One important telecommunications equity issue receiving more attention this year is the cost of communications services (e.g. telephone calls and emails) for incarcerated individuals. This week, Voqal joined a coalition of groups in a letter to the FCC encouraging action on an ongoing rulemaking related to this issue.
For nearly a decade, public interest advocates, faith organizations, and civil rights groups have been fighting to make prices more affordable so that incarcerated individuals and their loved ones can remain connected. There are several positive benefits of making communications services more accessible for incarcerated individuals including lowering recidivism rates and allowing for better communication with legal counsel. Unfortunately, family members of those at the mercy of the current system often bear the brunt of paying for these services.
In the letter submitted to the FCC, Ms. Lillian Williams, prison phone advocate and Lifeline subscriber describes the toll these excessive rates take on her family:
“I have to stay connected to my son. Once, I had to take out a payday loan just to make sure my phone and internet was on. Just to make sure my son could call me. I didn’t want to, I don’t like payday loans, nobody does, but I did what I had to do. Sometimes I don’t even think about it. I gotta pay my light bill, and just the same I gotta pay to stay connected to my son. I can’t hug him and can’t touch him, so I gotta keep connected however I can.”
A recent report shows that 1 in 3 families with an incarcerated loved one goes into debt trying to maintain contact. That’s because rates are exorbitant. In some states, the cost is more than $20 to make a 15-minute phone call.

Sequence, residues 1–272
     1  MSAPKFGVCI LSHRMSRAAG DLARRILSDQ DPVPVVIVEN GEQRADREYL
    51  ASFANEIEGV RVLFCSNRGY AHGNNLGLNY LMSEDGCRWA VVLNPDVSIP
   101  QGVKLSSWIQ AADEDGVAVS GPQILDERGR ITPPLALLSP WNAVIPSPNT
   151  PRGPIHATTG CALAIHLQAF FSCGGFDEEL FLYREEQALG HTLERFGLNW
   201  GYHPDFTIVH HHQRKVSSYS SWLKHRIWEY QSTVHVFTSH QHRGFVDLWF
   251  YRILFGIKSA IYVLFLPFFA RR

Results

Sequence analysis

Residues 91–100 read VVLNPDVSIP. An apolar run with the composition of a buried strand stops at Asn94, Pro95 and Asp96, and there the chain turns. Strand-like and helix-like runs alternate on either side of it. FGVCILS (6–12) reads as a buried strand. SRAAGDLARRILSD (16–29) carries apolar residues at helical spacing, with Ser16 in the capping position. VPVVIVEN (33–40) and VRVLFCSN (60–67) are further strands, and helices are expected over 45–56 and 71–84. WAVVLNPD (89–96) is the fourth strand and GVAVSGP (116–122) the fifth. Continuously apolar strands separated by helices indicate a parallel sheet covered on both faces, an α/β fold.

In 2013, the Federal Communications Commission (FCC) attempted to address the burden of these costs by approving new rules limiting the rates for communications services at prisons and jails. Unfortunately, that rulemaking was challenged and the court partially struck down the FCC’s rules. Essentially, the court found that Congress had only given the FCC authority to regulate calls between states – what we call interstate rates – but that the statute did not allow for the Commission to regulate rates within states – known as intrastate. The problem: roughly 80% of calls made from prisons and jails are intrastate, while just 20% are interstate.
A major reason the issue has resurfaced this year is the severe impact the COVID-19 virus is having within the prison system. In some prisons, as many as 90% of incarcerated individuals have been infected with COVID-19. Even worse, some incarcerated individuals are being paid as little as $2 an hour to move the bodies of inmates who have died from the disease. This devastating circumstance has given policymakers new motivation to address this issue.
In August, the FCC made its first attempt in years to address the issue. The FCC issued a Notice of Proposed Rulemaking to set new interstate rates. Unfortunately, the new proposed rates are actually higher than those in 43 states. It is because of problems like this, that Voqal is joining the members of this coalition to weigh in on this important issue. We look forward to working with the FCC to make certain that the costs of communications services are just and reasonable for incarcerated individuals and their families.